“Jonathan Wild” by Henry Fielding

The real Jonathan Wild, hanged in Tyburn in 1725, was a sort criminal godfather, an utterly amoral and unscrupulous villain who ran brothels and organised gangs of thieves, pickpockets and highwaymen, not hesitating to provide evidence against any of them (and get them hanged) as and when required. All of this, Fielding insists, is a mark of “greatness”, a quality that should not be confused with “goodness”:

But before we enter on this great work we must endeavour to remove some errors of opinion which mankind have, by the disingenuity of writers, contracted: for these, from their fear of contradicting the obsolete and absurd doctrines of a set of simple fellows, called, in derision, sages or philosophers, have endeavoured, as much as possible, to confound the ideas of greatness and goodness; whereas no two things can possibly be more distinct from each other, for greatness consists in bringing all manner of mischief on mankind, and goodness in removing it from them. It seems therefore very unlikely that the same person should possess them both; and yet nothing is more usual with writers, who find many instances of greatness in their favourite hero, than to make him a compliment of goodness into the bargain; and this, without considering that by such means they destroy the great perfection called uniformity of character. In the histories of Alexander and Caesar we are frequently, and indeed impertinently, reminded of their benevolence and generosity, of their clemency and kindness. When the former had with fire and sword overrun a vast empire, had destroyed the lives of an immense number of innocent wretches, had scattered ruin and desolation like a whirlwind, we are told, as an example of his clemency, that he did not cut the throat of an old woman, and ravish her daughters, but was content with only undoing them. And when the mighty Caesar, with wonderful greatness of mind, had destroyed the liberties of his country, and with all the means of fraud and force had placed himself at the head of his equals, had corrupted and enslaved the greatest people whom the sun ever saw, we are reminded, as an evidence of his generosity, of his largesses to his followers and tools, by whose means he had accomplished his purpose, and by whose assistance he was to establish it.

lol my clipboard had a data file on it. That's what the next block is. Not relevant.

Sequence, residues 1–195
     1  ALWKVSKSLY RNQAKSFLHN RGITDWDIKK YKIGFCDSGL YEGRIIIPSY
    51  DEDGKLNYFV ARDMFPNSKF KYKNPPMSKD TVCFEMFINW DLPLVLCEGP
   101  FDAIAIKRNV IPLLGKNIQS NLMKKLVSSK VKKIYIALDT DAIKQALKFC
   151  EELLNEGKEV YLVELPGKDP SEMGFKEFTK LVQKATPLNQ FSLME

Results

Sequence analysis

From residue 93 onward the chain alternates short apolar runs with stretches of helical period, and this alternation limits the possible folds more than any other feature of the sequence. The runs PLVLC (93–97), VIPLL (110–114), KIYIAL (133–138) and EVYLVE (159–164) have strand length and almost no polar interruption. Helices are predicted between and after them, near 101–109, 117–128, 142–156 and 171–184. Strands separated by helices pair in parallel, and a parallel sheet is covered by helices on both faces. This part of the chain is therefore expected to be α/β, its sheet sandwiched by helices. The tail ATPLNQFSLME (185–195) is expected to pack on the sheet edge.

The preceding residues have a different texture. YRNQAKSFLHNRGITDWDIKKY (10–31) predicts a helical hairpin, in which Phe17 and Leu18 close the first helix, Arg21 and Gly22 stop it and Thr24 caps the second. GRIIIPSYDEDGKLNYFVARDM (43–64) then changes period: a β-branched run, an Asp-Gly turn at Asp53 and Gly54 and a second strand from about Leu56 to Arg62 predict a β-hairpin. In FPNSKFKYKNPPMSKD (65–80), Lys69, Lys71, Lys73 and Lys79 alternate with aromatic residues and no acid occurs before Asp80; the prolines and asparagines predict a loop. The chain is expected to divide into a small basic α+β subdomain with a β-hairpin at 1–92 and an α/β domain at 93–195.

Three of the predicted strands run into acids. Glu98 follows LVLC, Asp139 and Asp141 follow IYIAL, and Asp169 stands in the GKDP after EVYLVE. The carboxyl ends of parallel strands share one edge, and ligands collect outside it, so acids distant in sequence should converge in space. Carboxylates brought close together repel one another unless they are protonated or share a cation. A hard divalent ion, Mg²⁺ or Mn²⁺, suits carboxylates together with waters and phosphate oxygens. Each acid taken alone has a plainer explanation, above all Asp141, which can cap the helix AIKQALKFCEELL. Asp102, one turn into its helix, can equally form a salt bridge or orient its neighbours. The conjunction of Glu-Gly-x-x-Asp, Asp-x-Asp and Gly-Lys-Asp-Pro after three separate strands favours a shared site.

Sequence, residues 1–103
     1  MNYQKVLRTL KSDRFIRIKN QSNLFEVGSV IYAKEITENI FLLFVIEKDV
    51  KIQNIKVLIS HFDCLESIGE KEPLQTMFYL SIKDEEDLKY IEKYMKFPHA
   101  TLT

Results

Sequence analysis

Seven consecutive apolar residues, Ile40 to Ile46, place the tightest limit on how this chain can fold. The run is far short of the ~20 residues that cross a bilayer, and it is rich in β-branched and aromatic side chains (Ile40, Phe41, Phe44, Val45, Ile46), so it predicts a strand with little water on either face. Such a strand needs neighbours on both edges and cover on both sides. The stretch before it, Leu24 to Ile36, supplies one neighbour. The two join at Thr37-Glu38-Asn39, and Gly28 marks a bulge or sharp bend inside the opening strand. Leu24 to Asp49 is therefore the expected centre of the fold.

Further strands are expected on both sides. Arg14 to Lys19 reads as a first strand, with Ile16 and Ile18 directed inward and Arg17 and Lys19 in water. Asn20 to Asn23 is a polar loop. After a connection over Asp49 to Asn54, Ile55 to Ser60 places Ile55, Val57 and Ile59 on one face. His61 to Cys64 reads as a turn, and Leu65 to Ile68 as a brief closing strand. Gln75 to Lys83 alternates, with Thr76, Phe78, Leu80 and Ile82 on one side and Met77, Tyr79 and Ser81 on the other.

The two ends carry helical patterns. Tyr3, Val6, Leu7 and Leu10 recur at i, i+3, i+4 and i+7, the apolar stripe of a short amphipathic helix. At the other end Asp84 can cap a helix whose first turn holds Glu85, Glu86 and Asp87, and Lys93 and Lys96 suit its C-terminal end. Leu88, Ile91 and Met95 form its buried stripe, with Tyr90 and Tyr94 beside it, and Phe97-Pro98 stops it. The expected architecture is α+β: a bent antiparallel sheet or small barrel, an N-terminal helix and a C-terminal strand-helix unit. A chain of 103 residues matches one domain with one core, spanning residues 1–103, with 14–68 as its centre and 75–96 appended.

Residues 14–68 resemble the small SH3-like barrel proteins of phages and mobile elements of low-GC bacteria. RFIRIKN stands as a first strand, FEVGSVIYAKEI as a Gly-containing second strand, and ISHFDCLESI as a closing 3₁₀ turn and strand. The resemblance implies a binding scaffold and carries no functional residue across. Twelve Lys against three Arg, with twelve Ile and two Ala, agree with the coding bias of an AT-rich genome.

Now, who doth not see that such sneaking qualities as these are rather to be bewailed as imperfections than admired as ornaments in these great men; rather obscuring their glory, and holding them back in their race to greatness, indeed unworthy the end for which they seem to have come into the world, viz. of perpetrating vast and mighty mischief?

Now, Jonathan Wild, Fielding insists, is “great”. If we can discern greatness in Alexander bewailing the fact that there were no more people left to enslave, there is no reason why we shouldn’t see Jonathan Wild in similar terms. And of course, the logical corollary of seeing greatness in unscrupulousness and amorality is to see lowness in decency and in honesty. That may run counter to our sensibilities, but, nonetheless, in ascribing “greatness” to the likes of Alexander or Caesar, these are the values that we, as a society, have chosen.